President of the ‘Greece 2021’ Committee, Gianna Angelopoulos-Daskalaki, addressed Greek Australians this evening during The Hellenic Initiative Australia’s second Digital Conversation Series.
The digital talk, which was moderated by Greek Australian journalist, John Mangos, covered a range of topics including the role of Greek Australians in next year’s bicentennial celebrations for Greece’s independence from the Ottomans.
Mrs Angelopoulos-Daskalaki began the talk by speaking proudly of the Greek Australian diaspora and reminiscing over her time in Australia during the Olympic Games in 2000.
“I remember running with the Olympic flame in Australia and I saw the Greek and Australian flags and I was very proud. Australia felt like a home away from home,” Mrs Angelopoulos-Daskalaki said.
The Ambassador-at-large of the Hellenic Republic went on to say that the ‘Greece 2021’ Committee has received over 1800 event proposals from around the world with 36 from Greek Australians.
“I have about three pages here of proposals from the Greek diaspora in Australia. Events which have been proposed include an exhibition of Greek Australian artists, a Greek Writers Festival, a book launch, and even a photo exhibition,” she says.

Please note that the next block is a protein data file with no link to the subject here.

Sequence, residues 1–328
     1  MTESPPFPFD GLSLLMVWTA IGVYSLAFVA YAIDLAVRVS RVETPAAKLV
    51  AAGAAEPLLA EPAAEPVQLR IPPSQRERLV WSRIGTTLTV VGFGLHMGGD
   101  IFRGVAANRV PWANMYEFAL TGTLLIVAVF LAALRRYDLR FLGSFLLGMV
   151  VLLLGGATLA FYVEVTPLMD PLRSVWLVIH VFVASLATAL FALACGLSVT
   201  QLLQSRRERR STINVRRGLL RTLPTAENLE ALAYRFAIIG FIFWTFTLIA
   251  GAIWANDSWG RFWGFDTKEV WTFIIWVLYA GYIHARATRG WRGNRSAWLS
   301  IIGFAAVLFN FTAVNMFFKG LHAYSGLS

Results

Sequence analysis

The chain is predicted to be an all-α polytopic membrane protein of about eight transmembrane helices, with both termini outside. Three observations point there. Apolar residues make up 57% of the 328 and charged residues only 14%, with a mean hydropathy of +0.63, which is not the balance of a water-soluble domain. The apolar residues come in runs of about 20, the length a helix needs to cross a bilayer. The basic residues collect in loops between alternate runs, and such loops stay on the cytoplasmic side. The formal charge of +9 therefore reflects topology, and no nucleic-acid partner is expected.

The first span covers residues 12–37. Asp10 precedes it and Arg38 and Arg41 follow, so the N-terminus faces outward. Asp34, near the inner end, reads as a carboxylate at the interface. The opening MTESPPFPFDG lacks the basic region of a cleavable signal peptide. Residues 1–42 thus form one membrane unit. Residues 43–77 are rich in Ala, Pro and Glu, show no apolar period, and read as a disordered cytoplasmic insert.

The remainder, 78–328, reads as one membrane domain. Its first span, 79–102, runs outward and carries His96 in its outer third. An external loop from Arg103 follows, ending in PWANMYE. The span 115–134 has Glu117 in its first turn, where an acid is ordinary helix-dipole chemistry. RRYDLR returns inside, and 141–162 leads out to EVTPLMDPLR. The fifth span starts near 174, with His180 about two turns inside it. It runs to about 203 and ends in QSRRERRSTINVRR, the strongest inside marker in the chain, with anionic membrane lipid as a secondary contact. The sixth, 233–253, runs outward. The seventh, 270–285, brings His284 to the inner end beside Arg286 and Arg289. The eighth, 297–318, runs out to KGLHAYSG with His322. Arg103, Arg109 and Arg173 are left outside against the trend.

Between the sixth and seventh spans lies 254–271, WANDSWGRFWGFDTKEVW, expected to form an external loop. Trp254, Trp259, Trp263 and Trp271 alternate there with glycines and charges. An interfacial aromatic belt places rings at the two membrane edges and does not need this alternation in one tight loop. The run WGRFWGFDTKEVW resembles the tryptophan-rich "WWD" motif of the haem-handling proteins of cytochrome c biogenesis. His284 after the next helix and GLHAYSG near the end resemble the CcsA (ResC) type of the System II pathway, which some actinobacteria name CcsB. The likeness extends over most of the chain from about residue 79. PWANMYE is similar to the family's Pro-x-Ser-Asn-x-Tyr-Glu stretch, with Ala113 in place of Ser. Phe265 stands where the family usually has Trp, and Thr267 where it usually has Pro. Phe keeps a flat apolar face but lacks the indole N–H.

“The Greek diaspora in Australia keep the Greek history alive and this is what we want for our 2021 celebrations… You will also be the ones who will put out the message that we are proud Greeks and pass on the torch around the world.”
Mrs Angelopoulos-Daskalaki said however, that the Committee is relying on private donations, sponsorships and selling merchandise, such as the 2021 commemorative coin, to make these proposals possible.
“Because of the ten year crisis in Greece, we don’t want state funding. We have a new category of sponsorships where small, medium and large companies in Greece are able to adopt proposals and invest money into them,” she explains.
Regardless of this unique funding method, the question was still raised to Mrs Angelopoulos-Daskalaki about how the events will even go ahead if the coronavirus pandemic is still raging next year.
“We are good organisers. We understand the importance of Plan A, B and C,” she replied. “We have alternative scenarios for each and every event… if something doesn’t happen in March, it can happen in June.”
“In the end, it’s not just one big opening ceremony. The whole year is important. It’s a time to think, reflect, dance and perform.”